News and Insights
17 March 2023
New guidance has been released by HM Attorney General (the AG) describing what actions (or omissions) could lead to a person being disqualified from acting in the position of company director. The advice clarifies that even innocent or careless actions, such as poor record keeping, failing to keep board resolutions and failing to take professional advice when necessary, could lead to a disqualification order from the Royal Court.
What advice has been released?
HM Attorney General (the AG) released guidance on 3 March 2023 concerning when the AG would apply under Article 78 of the Companies (Jersey) Law 1991 (the Companies Law) for a person to be disqualified from acting in the position of director of a Jersey company.
The advice applies to every director, including those acting for charitable and other voluntary organisations. It also applies to 'shadow directors', being those persons occupying the position of director even if not called by that name.
The guidance has been drafted not to dissuade individuals from becoming directors but to remind them that they must comply with their duties both to the company and to any creditors.
It is important for 'Jersey PLC' and its international reputation that the AG is seen to be actively addressing and combatting director conduct that is considered poor quality, negligent, incompetent or dishonest.
When may a person be disqualified?
A person may be disqualified as a company director if their conduct makes them unfit to be concerned in the company's management.
The AG has advised that the following list of non-exhaustive factors / issues could trigger the AG to make an application to the Royal Court for a disqualification order:
- Criminal convictions arising out of the person's managerial responsibilities or activities, such as offences of dishonesty.
- Poor statutory records being kept by the company.
- Poor records of board meetings being kept by the company.
- Failing to take professional advice when reasonably necessary.
- Failing to understand or provide for contingent liabilities.
- Delegating duties with inadequate scrutiny or control or to persons who are incompetent.
- Failing to cooperate with any liquidator or the Viscount where the company is subject to a winding up.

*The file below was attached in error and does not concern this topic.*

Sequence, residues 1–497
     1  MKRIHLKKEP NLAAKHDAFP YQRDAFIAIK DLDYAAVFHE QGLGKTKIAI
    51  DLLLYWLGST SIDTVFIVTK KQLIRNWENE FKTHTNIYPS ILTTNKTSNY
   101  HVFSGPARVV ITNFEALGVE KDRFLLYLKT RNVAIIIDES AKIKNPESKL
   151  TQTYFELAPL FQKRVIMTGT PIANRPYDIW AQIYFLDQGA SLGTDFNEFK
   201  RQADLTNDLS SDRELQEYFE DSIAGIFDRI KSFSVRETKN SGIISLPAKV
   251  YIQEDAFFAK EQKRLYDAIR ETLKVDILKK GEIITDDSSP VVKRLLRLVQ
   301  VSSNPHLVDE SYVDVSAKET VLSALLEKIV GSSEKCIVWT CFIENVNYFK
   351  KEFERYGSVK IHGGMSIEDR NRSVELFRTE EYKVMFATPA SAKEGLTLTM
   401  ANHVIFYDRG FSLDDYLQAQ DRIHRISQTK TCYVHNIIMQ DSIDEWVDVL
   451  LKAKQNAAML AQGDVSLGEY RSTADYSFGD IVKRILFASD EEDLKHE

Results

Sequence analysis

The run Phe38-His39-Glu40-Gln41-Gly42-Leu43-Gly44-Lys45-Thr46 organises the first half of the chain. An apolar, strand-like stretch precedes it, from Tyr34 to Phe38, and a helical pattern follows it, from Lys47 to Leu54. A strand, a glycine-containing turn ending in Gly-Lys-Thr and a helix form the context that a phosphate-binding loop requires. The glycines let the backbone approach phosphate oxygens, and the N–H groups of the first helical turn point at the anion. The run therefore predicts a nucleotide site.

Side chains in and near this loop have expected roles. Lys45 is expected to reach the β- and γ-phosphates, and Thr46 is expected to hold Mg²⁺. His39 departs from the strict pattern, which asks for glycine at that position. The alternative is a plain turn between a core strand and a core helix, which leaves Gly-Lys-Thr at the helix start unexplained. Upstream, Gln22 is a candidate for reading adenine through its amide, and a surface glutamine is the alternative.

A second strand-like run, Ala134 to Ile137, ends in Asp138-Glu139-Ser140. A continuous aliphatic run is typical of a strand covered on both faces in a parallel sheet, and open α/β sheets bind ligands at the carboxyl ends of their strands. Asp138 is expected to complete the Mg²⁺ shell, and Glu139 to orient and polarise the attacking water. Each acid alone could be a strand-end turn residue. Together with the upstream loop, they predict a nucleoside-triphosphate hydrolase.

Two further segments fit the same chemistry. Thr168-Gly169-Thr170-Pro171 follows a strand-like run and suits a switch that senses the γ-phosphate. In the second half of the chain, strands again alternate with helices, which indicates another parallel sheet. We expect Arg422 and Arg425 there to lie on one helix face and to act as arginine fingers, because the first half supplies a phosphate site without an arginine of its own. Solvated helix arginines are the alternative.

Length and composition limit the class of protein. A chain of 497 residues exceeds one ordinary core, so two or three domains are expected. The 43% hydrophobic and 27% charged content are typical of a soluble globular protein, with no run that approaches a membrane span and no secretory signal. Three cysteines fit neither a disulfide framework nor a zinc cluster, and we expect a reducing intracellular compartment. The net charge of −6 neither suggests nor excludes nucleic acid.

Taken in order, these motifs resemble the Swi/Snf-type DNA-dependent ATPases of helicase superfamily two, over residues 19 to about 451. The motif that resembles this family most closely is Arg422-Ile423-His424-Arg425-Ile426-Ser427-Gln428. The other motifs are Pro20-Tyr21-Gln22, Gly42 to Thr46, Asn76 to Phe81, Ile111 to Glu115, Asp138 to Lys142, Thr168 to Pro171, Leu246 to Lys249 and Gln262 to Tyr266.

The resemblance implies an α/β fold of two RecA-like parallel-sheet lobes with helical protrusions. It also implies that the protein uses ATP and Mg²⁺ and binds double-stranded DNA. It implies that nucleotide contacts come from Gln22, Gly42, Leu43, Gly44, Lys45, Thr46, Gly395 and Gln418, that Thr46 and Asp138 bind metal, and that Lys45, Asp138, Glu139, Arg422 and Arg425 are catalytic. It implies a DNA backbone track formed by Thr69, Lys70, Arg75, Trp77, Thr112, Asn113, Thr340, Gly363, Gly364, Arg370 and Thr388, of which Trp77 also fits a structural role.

- Failing to account for company property.
- Negligent completion of a solvency statement.
- The company trades on customer pre-payments, and the director has knowledge the company is doing so.
- The director is responsible for a serious breach of the Codes of Practice issued by the JFSC.
- Failing to declare or act appropriately regarding conflicts of interest.
The most common way the AG will become aware of any disqualification triggers would be through the JFSC, the AG or a liquidator of a winding up conducting an investigation relating to the company pursuant to Article 184 of the Companies Law.
The AG may also become aware of the factors described above through an investigation by the Jersey police into criminal matters concerning the company or director.
What aggravating factors would the AG consider when deciding to make an Article 78 application?
The AG would take a particularly dim view of any actions or activities: (a) undertaken by a person who is professionally qualified or who is experienced; (b) where there is a resulting loss to investors or creditors; (c) where an offence is repeated; or (d) where there are wider public interest considerations.
Will the AG always opt to apply for a disqualification order where there is a breach of the guidance?
Where the AG considers an issue or factor to be minor, the AG is not required to bring an application for disqualification under Article 78 but rather may resolve the matter through an informal written warning.